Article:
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Does Your Hybrid Strategy Need to Change? Evaluating and Adapting Your Approach

As the world of work continues to evolve amid flexible schedules and virtual or hybrid environments, organizations must thoughtfully consider if their hybrid strategies need refinement. While hybrid work aims to provide flexibility and work-life balance, poorly planned or inconsistently implemented hybrid policies can lead to inequities, communication issues, and disengagement. It's crucial for companies to regularly evaluate how their hybrid approaches are playing out and make targeted adjustments where needed.

Today we will explore the key factors for companies to assess regarding their hybrid strategies and provide examples of updates that can optimize effectiveness and employee experience over the long term.

Evaluate Equity Across Roles and Locations

One of the first areas for evaluation is whether hybrid policies are being applied fairly and equitably for all roles and employee locations. Remote and office-based employees should have reasonably comparable access to tools, resources and career growth opportunities. Some questions to consider include:

  • Are there inequities in things like technology access/quality, professional development funding or remote working allowances based on role or location that need review?

  • Do certain teams or categories of employees seem disproportionately calling into long meetings from home vs being able to go into an office or visit client sites?

  • Have new hire expectations and onboarding processes been sufficiently optimized for distributed teams?

Making hybrid equitable may require standardizing some flexible work policies, increasing remote equipment budgets, exploring co-working spaces or satellite offices, and optimizing virtual meeting and collaboration practices.

Solicit Employee Input and Feedback

Gauging employee sentiment is critical for continuously improving a hybrid strategy. Companies should survey staff periodically and incorporate input into policy decisions. Questions can focus on:

  • Satisfaction with level of flexibility and how work-life balance has changed

  • Effectiveness of communication practices between remote and co-located employees

  • Effect on productivity, collaboration and culture across fully remote and blended teams

  • Frustrations or barriers experienced with logistics of working across locations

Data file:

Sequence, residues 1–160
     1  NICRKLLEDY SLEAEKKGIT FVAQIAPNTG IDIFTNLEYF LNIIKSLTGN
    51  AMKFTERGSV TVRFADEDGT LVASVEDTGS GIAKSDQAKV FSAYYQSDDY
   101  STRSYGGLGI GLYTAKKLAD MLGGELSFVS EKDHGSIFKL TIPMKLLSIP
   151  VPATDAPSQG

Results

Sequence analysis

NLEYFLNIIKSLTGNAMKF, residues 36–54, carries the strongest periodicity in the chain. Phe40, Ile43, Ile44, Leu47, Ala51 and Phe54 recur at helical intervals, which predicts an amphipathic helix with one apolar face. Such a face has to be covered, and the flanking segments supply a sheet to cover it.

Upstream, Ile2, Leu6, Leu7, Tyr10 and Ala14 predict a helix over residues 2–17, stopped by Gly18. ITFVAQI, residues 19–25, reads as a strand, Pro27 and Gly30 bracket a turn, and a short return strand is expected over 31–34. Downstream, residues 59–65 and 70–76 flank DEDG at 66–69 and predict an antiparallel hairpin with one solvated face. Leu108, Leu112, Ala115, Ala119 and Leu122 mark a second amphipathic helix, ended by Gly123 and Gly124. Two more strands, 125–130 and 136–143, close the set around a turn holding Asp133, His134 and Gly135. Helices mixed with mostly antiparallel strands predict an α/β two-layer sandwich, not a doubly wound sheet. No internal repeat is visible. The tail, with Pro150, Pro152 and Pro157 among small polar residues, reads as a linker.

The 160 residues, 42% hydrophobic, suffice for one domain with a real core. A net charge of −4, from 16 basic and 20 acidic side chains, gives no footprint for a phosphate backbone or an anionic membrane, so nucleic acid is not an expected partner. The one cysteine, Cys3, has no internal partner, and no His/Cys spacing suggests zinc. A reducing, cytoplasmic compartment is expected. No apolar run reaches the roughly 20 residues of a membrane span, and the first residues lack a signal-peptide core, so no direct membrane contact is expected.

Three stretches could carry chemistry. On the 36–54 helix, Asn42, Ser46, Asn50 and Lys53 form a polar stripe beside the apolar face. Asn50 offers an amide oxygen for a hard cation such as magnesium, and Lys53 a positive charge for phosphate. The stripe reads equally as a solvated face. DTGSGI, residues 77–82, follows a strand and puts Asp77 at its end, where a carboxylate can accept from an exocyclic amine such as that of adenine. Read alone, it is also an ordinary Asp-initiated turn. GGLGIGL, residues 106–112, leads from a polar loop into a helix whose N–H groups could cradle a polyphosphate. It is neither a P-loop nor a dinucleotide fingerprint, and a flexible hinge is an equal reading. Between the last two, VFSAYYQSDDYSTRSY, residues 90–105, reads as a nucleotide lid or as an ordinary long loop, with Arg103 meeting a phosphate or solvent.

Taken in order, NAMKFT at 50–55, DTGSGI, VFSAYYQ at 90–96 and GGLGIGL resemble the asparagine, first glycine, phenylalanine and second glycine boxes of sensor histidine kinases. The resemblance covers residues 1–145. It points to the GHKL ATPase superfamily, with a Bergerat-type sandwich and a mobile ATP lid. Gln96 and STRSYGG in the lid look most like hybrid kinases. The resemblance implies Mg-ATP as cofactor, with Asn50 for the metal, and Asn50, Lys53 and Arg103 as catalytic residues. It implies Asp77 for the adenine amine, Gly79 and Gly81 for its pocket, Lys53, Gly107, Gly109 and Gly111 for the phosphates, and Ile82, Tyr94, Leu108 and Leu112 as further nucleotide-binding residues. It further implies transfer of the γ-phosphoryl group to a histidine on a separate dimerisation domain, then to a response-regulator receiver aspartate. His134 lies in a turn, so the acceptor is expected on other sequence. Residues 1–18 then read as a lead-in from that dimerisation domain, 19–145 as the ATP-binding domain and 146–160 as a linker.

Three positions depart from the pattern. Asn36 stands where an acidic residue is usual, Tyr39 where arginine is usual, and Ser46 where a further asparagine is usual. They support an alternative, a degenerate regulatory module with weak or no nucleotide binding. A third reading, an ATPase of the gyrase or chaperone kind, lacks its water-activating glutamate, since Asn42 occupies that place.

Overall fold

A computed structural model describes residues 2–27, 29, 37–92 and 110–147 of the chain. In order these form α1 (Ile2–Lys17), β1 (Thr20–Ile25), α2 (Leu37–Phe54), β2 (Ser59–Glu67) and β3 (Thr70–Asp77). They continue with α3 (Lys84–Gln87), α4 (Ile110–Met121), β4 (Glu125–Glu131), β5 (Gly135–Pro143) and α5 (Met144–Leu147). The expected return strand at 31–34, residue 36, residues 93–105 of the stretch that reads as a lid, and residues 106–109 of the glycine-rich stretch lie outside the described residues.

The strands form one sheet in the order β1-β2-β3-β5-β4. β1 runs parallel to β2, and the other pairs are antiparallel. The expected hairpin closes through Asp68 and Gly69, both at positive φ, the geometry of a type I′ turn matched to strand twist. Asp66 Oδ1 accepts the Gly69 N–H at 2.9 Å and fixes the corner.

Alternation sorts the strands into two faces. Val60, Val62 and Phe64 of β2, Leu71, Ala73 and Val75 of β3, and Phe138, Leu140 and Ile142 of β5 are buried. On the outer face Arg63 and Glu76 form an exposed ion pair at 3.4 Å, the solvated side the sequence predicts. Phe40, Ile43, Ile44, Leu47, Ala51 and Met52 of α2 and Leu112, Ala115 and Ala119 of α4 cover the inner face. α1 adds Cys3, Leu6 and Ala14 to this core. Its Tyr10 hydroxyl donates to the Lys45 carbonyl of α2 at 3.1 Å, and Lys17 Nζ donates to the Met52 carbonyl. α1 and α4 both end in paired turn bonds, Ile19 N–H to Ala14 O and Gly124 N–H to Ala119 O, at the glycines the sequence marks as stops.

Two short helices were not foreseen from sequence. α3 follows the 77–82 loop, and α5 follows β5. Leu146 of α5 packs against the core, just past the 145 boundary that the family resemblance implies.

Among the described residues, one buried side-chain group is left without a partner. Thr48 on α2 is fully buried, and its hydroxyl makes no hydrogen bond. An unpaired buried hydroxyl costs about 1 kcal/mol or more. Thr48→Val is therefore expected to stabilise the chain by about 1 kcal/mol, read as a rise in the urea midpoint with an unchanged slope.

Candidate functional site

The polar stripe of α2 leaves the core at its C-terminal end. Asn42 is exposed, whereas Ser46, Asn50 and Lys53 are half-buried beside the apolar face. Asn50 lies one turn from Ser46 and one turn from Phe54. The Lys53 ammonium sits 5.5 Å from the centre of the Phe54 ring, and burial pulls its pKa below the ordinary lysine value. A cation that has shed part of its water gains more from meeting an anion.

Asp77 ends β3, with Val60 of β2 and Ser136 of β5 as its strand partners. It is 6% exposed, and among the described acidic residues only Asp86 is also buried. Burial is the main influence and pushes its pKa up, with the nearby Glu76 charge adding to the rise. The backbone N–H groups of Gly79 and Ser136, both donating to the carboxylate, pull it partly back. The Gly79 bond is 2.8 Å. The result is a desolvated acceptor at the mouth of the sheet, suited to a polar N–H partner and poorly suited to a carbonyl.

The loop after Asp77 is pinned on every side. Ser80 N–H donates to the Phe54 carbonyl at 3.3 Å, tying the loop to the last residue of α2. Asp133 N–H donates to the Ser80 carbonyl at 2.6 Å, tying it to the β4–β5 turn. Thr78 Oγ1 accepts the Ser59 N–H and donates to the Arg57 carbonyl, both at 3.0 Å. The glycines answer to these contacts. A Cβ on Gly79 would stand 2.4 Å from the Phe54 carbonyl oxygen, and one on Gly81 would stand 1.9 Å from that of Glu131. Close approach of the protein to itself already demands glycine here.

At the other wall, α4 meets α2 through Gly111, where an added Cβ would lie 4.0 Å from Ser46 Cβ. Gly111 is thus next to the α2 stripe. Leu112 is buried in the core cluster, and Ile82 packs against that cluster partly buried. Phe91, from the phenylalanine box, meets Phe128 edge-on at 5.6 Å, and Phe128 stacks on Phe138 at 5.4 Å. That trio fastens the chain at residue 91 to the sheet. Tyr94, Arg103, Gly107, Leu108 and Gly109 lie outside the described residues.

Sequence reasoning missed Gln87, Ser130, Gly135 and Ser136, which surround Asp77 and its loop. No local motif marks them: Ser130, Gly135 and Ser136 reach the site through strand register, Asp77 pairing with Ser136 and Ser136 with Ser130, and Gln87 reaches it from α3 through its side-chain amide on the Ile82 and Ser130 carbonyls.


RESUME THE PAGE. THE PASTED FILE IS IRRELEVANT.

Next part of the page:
• Suggestions for enhancing tools, resources, trainings or supports

Soliciting anonymous feedback allows issues to surface before becoming problems and shows employees their voices are heard shaping the future of work. Addressing pain points boosts trust and buy-in for any upcoming changes.

Review Oversight, Management and Culture Practices

Another area for evaluation is whether management and culture-building practices need adjustment for distributed teams. Key questions include:

  • Are people managers equipped with the right tools, resources and training to lead remote/hybrid teams effectively?

  • How are clear goals, expectations and accountability being set across all teams?

  • What virtual and occasional in-person activities foster community and cross-team connections?

  • Are informal mentoring and sponsorship opportunities sufficiently enabled for all?

  • How is organizational culture and values reinforced for employees who may rarely see each other face-to-face?

Making management standards, trainings and culture practices more intentional can help distributed staff feel part of something larger regardless of location. Leading with empathy is also crucial.

Commit to Ongoing Assessment and Improvement

The most effective hybrid strategies don't take a set-it-and-forget-it approach. Periodically surveying employees, reviewing metrics and making targeted adjustments shows commitment to continuous enhancement. Companies should:

  • Form workplace experience working groups to routinely assess policies

  • Track and compare key metrics like productivity, retention and employee well-being across locations

  • Pilot new programs, re-survey staff and swiftly scale improvements

  • Communicate progress transparently to cultivate trust in the process

With openness to ongoing refinement, hybrid strategies can stay optimized as both business and employee needs change over time. Regular evaluation strengthens employer brand and loyalty in an increasingly flexible world.


To fully realize the benefits of hybrid work while avoiding potential pitfalls, companies must make iterative assessment and improvement a priority. Evaluating equity, gathering employee input, reviewing management practices and committing to ongoing evolution helps address issues proactively. A willingness to refine approaches based on data and experiences keeps hybrid strategies responsive without compromising business success or employment experience. With open communication and tailored adjustments, hybrid can deliver on its promise of flexibility, productivity and well-being for all parties involved.


Jonathan H. Westover, PhD is Chief Academic & Learning Officer (HCI Academy); Chair/Professor, Organizational Leadership (UVU); OD Consultant (Human Capital Innovations). Read Jonathan Westover's executive profile here.



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